AsyncAPI

AsyncAPI is a standard for documenting contracts for asynchronous APIs. Let’s say, you connect multiple services via Apache Kafka or RabbitMQ, AsyncAPI is there to provide information about available servers, topics, queues and payload structures. If you already heard about „OpenAPI“ before: AsyncAPI is the counterpart for asynchronous APIs.

Main Concepts

The four main concepts in AsyncAPI are Server, Producer, Consumer and Channel.
As I introduced this blog article by mentioning two concrete messaging systems, you might be irritated by the term Server now – at least I was :). The reason for this confusion is that AsyncAPI is not limited to APIs that build on top of messaging systems but also supports client/server models as it is known from WebSockets.

Producers are components which create and send data. Consumers receive and process exactly that data from the server. Channels are a concept of organizing different types of messages into separate units – like directories on a file system.

To get a little bit more concrete, just imagine an online payment service just like PayPal. It has a User Accounts Service which publishes events when users sign up or sign out. A Newsletter Service wants to know both about sign ups and sign outs in order to maintain its own user database. The invoice Service needs to know about sign outs, because this should send back the remaining credits of a user.

AsyncAPI Definition File

AsyncAPI definitions are YAML or JSON files. The top-level sections servers and channels refer to AsyncAPI’s main concepts already mentioned above. The other two terms from the main concepts, Producer and Consumer do not occur in the AsyncAPI document.

asyncapi: 2.5.0
info:
  title: SuperPay
  version: '1.0.0'
servers:
  production:
    url: rabbitmq.superpay.com
    protocol: amqp
    description: This is SuperPays central RabbitMQ production deployment.
    security:
      - user-password: []
channels:
  signups:
    bindings:
      amqp:
        is: routingKey
        exchange:
          name: myExchange
          type: topic
          durable: true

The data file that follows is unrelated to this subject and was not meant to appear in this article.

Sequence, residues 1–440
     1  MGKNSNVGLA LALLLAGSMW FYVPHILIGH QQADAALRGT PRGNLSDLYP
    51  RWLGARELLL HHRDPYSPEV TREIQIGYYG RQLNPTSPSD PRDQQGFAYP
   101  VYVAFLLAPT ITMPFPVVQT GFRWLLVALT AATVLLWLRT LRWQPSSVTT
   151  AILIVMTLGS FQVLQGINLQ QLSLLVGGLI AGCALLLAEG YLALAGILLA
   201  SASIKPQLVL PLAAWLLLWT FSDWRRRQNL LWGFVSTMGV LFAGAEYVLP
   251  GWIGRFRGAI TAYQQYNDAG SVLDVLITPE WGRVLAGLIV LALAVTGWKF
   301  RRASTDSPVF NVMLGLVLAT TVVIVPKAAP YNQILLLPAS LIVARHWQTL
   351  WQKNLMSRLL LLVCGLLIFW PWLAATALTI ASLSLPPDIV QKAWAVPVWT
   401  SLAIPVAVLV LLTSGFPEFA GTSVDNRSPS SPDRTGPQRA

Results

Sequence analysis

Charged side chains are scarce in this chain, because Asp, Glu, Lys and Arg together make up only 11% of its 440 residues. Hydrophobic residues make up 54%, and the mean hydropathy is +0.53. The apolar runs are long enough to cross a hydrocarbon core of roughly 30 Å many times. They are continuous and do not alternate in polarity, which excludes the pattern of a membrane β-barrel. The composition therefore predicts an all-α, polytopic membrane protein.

autoDelete: false
        bindingVersion: 0.2.0
    publish:
      description: When a user signs up, a message MUST be published on this channel.
      message:
        $ref: '#/components/messages/signup-msg'
    subscribe:
      message:
        $ref: '#/components/messages/signup-msg'
  signouts:
    publish:
      message:
        $ref: '#/components/messages/signout-msg'
    subscribe:
      message:
        $ref: '#/components/messages/signout-msg'
components:
  messages:
    signup-msg:
      name: Signup message
      summary: >-
        Informs about a new user has signed up in the system. 
      payload:
        type: object
        additionalProperties: false
        properties:
          id:
            type: integer
          fullName:
            type: string
          email:
            type: string
            format: email
          age:
            type: integer
            minimum: 18
    signout-msg:
      name: Signout message
      summary: >-
        Informs about a user signed out the system
      payload:
        type: object
        additionalProperties: false
        properties:
          userId:
            type: integer

  securitySchemes:
    user-password:
      type: userPassword

Components is just a container for re-useable snippets of the definition file. In the example snippet above, I re-used the payload definition for signup messages by referencing it from channels/signups/publish and channels/signups/subscribe with $ref: '#/components/messages/signup-msg'.

How does AsyncAPI integrate protocol-specific concepts?

A client that should consume data from Apache Kafka needs to know the name of the topic that holds the data. In another scenario, it might not be Kafka but RabbitMQ. Now, there are no topics but queues and exchanges, because, although they are both message brokers, the protocols used under the hood are different.
AsyncAPI integrates these protocol/broker-specific data via so-called bindings. Examples for available bindings are AMQP, JMS, Kafka, NATS, Google Pub/Sub, AWS SQS or WebSocket.

AMQP specific data inside a rendered html documentation

Tooling

Just to get hands dirty as fast as possible, I recommend AsyncAPI Studio (beta). By combining a text editor and a live html documentation generator, it is a good starting point with a low entry barrier to start fiddling with your first AsyncAPI document.

AsyncAPI Studio

While AsyncAPI Studio might serve as a good starting point, there will rise more advanced requirements when you start using AsyncAPI in your project. The following list contains just a few examples.

  • Code-first tools
    • Create AsyncAPI Documents via code
  • Code Generators
    • Generate a html or markdown documentation
    • Generate project stubs in several platforms (spring, node, python, Typescript…. )
    • Generate just payload data models for your programming language
  • Converters
    • Migrates AsyncAPI documents from older to newer versions
    • Formatters
  • Validators

More related tools can be found here.

Data Model Generator: Modelina

Right now, Modelina allows you to quickly generate data models for TypeScript, Java, Go, Javascript and C#. The tool is available as an npm package and can be installed via npm install @asyncapi/modelina. Similar to AsyncAPI Studio, a handy browser-based instance is available here. Side note: Modelina is not limited to AsyncAPI. OpenAPI and JSON Schema documents are also supported inputs.

Kommentar verfassen

Deine E-Mail-Adresse wird nicht veröffentlicht. Erforderliche Felder sind mit * markiert

Scroll to Top